Water molecules can be found interacting with the surface and within cavities in proteins. However, water exchange between bulk and buried hydration sites can be slow compared to simulation timescales, thus leading to the inefficient sampling of the locations of water. This can pose problems for free energy calculations for computer-aided drug design. Here, we apply a hybrid method that combines nonequilibrium candidate Monte Carlo (NCMC) simulations and molecular dynamics (MD) to enhance sampling of water in specific areas of a system, such as the binding site of a protein. Our approach uses NCMC to gradually remove interactions between a selected water molecule and its environment, then translates the water to a new region, before turning the interactions back on. This approach of gradual removal of interactions, followed by a move and then reintroduction of interactions, allows the environment relax in response to the proposed water translation, improving acceptance of moves and thereby accelerating water exchange and sampling. We validate this approach on several test systems including the ligand-bound MUP-1 and HSP90 proteins with buried crystallographic waters removed. We show that our NCMC/MD method enhances water sampling relative to normal MD when applied to these systems. Thus, this approach provides a strategy to improve water sampling in molecular simulations which may be useful in practical applications in drug discovery and biomolecular design.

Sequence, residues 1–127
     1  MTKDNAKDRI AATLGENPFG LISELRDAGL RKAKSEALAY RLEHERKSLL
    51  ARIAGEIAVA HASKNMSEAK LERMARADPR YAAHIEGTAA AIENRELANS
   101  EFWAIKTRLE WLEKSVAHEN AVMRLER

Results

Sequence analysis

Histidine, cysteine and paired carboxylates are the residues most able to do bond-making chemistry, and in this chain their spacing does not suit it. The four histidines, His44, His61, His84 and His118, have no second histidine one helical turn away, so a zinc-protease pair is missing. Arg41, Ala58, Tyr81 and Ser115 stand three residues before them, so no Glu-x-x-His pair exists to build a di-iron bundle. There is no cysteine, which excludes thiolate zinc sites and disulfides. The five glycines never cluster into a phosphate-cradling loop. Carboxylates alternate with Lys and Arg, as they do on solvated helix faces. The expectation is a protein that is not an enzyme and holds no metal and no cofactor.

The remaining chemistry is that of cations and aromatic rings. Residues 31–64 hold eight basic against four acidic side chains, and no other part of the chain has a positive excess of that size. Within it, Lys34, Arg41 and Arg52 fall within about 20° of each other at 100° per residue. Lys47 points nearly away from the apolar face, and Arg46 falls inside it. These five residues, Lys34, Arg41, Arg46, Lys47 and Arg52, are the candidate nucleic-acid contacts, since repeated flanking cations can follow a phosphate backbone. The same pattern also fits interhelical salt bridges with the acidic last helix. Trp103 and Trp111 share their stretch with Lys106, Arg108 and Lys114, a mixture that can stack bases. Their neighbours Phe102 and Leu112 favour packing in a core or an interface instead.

Corrected Ben-Shalom's name in PDF, filled in metadata.